Women of all ages need to stop and take time to appreciate how they really look, including their curves and freckles, Tenisha Peters believes.
The Otago Polytechnic Applied Science graduate says that no matter what walk of life women come from or what size or shape they are, most feel insecure about their bodies. This can affect their mood and daily lives.
Not many can say, ‘I like my blue eyes’ or ‘my curves’ or ‘I like my boobs, I like my butt’.”
Even women who go to the gym every morning and eat healthily still often can’t look in the mirror and acknowledge their actual appearance.
“We see ourselves but we don’t take note of how we look – curves, freckles.”
Tenisha suggests that without being cheesy about it, people should regularly say “I’m beautiful” to their reflection and try to really mean this.
She says ‘self-love’ used to be a popular aim and is a good one. However, ‘body neutrality’ is a more reasonable concept with which women can, at times, resonate.
“It’s like being neutral with yourself. You can acknowledge yourself, you’re aware of yourself and thankful for who you are and what you’re able to do.”
Tenisha verbally paints an appealing picture of a world in which people are valued for the way they are, rather than judged because of their size. A world where natural curves don’t require a separate clothing category and women who’ve just given birth don’t feel pressure to lose ‘baby fat’.
When studying at the polytechnic, she founded PCOS Fit, a 10-week exercise and behaviour change programme for women with Polycystic Ovary Syndrome which has run twice in Dunedin.
During PCOS Fit and when working at a Dunedin gym, she’s had many conversations about body image with females whose ages range from 70 to the teens.
In her experience, women are more confident listing their positive character traits than stating what they like about their exteriors.
Tenisha encourages women to be mindful about their bodies – catching themselves when they think negatively about themselves and asking why they feel this way, then replacing the negative with a positive.
“A lot of us don’t actually realise how often we talk negatively about ourselves.”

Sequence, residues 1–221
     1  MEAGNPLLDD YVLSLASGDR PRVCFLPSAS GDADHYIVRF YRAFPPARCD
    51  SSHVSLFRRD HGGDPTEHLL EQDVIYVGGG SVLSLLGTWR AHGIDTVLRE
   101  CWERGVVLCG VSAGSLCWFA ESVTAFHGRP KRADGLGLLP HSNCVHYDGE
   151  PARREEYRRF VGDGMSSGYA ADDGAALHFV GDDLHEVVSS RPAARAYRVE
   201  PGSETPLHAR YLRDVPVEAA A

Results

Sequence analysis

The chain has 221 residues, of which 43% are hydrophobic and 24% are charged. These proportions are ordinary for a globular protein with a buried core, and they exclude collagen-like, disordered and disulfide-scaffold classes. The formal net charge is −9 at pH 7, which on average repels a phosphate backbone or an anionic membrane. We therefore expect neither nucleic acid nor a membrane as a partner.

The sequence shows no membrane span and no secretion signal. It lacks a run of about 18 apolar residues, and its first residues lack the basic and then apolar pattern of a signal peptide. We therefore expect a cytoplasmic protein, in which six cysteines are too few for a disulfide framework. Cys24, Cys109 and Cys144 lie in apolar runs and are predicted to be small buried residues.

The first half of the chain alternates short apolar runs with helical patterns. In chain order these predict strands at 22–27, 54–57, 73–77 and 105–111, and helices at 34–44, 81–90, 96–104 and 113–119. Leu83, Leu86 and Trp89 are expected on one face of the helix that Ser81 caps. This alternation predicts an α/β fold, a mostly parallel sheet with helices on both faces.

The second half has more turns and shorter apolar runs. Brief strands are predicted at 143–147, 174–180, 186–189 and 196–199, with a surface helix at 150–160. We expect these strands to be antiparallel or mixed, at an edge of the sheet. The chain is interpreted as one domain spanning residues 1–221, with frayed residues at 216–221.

Exercise as a part of well-being
A personal and professional breakthrough has been realising that weight loss shouldn’t be the only reason for people to exercise.
She says it’s beneficial for women to figure out why they want to exercise and lose weight.
Fitting into a smaller body is often portrayed as being more idolised but we often do not take note to how or why people got there.”
If weight loss is for external reasons, then when people reach their goal weight, they often don’t feel happy, she says.
Also, if they gain weight or miss a gym session, they tend to punish themselves.
Instead, Tenisha suggests women centre their reasons for exercising and losing weight around their core values and beliefs.
For instance, do they desire to become a grandma and live long enough to see their grandchildren? Or do they want to avoid osteoporosis?
If people focus on such values, then weight loss stops being a fixation, yet may still be a result.
While Tenisha is a strong proponent of exercise and recognises that weight is a complex issue, she points out that overall health isn’t an end in itself and situations change.
Some people view exercise and healthy eating as an end goal, yet in reality, they may go through stages of not exercising or may eat too much on occasions.
“Life gets in the way.”
She considers it healthier to think about enjoying exercise as a part of well-being; to understand that activities such as going out for coffee and cake with a good friend also contribute to feeling well.
So, she says, well-being includes not only physical but also spiritual, emotional and mental health. Curves and all.
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For further information:
Tenisha’s blog entry about body image
Youthline body image tips